Thailand - Country Commercial Guide
Selling to the Public Sector

Describes how major projects are secured and financed. Explains activities of the multilateral development banks in and other aid-funded projects.

Last published date: 2021-08-16

Selling to the Government

U.S. exporters interested in selling to the Thai government have opportunities in key fields such as aviation and defense, electrical power systems, renewable and alternative energy, petroleum refining and petrochemicals, telecommunications, transportation, information and communications technology, environmental technologies, health care, and commercial defense, among others.

The key to successful bidding on Thai government contracts and supply tenders is to have a reputable local representative with good access to the procuring agency and knowledge of specific procurement requirements. Without this intermediary, it is very difficult to win a government project – procurement is decentralized among more than 200 government agencies and state enterprises. Representatives are accepted as legitimate players in the bidding process. Agents often provide an early “heads up” to U.S. firms when they hear of attractive tenders. Before tenders are issued, agents help to ensure a principal’s product will meet the required tender specifications.

Companies bidding on government projects should note that technology transfer, training, and after-sales services on all equipment purchases are important features considered in the review of all proposals. U.S. companies should plan to build additional training costs and expenses into the bid. American firms may find it more cost-effective to send engineers or specialists to train larger groups of employees at a plant or specialized government facility, such as a military installation.

A specific set of rules, commonly referred to as the “Prime Minister’s Office’s Procurement Regulations,” governs public sector procurement. These regulations require that non-discriminatory treatment and open competition be accorded to all potential bidders; however, the system is not entirely transparent. The Thai government is not a signatory to the WTO Agreement on Government Procurement. Generally, the procuring government agency provides preferential treatment to some foreign suppliers, and domestic suppliers who, under a “Buy Thai” policy, receive an automatic price advantage of 3-7 percent rate (depending on the product) in the initial bid round evaluations. International companies may bid without an agent if the government agency or state enterprise in charge of the project allows. If the project is funded by foreign loans, then it will be treated as an international bid. The “two envelope” system is commonly used, with technical evaluations of bids conducted separately from cost evaluations. In some instances, a Request for Information (RFI) or a Request for Conceptual Model (RCM) may be issued to solicit interest from potential bidders ahead of an official tender announcement. The procuring government agency reserves the right to accept or reject any or all bids at any time and is not bound to approve the lowest bid. The procuring government agency may also modify the technical requirements during the bidding process, which can prove frustrating to bidders.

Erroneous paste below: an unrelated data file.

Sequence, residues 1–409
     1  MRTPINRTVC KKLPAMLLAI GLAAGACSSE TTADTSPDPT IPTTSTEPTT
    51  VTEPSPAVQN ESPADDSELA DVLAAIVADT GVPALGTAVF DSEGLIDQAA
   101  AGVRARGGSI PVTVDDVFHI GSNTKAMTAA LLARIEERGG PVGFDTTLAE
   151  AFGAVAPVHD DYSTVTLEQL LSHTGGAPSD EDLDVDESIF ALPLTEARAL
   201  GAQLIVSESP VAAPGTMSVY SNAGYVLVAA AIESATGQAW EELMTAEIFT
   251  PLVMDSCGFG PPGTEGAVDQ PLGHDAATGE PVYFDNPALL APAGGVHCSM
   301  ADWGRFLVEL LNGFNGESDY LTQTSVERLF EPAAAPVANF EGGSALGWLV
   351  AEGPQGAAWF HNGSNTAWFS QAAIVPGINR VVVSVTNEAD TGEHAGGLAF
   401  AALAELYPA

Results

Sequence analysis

In 2005, in an effort to encourage greater transparency, the Ministry of Finance announced regulations creating electronic auctions for government procurement. An e-auction works like a reverse auction, with the purchasing agency announcing it wants to buy certain goods or services, and prospective suppliers bid via the Internet. The lowest qualified bidder wins. An e-auction must be used on procurements greater than 2 million baht (approximately $58,000) but agencies are free to use e-auctions for lesser value procurements if they wish.

The status and powers of the National Counter-Corruption Commission (NCCC) have been enhanced, giving it independence from all branches of government. The members of the Commission sit on the NCCC for a term of nine years with no renewal and report to their own chairperson. Individuals holding high political positions, and members of their immediate families, are now required to list their assets and liabilities prior to assuming and upon leaving office. It appears that there is an increasing will to enforce transparency in government procurements. However, the autonomy and transparency of the NCCC has not truly been tested: the appointment of individual commission members and accusations of conflicts of interest are still publicly questioned in the Thai media.

U.S. companies bidding on Government tenders may also qualify for U.S. Government advocacy. A unit of the U.S. Commerce Department’s International Trade Administration, the Advocacy Center coordinates U.S. Government interagency advocacy efforts on behalf of U.S. exporters bidding on public sector contracts with international governments and government agencies. The Advocacy Center works closely with our network of the U.S. Commercial Service worldwide and inter-agency partners to ensure that exporters of U.S. products and services have the best possible chance of winning government contracts. Advocacy assistance can take many forms but often involves the U.S. Embassy or other U.S. Government agencies expressing support for the U.S. bidders directly to the foreign government. Consult Advocacy for Foreign Government Contracts for additional information.

Financing of Projects

Multilateral Development Banks and Financing Government Sales. Price, payment terms, and financing can be a significant factor in winning a government contract. Many governments finance public works projects through borrowing from the Multilateral Development Banks (MDB). A helpful guide for working with the MDBs is the Guide to Doing Business with the Multilateral Development Banks (PDF).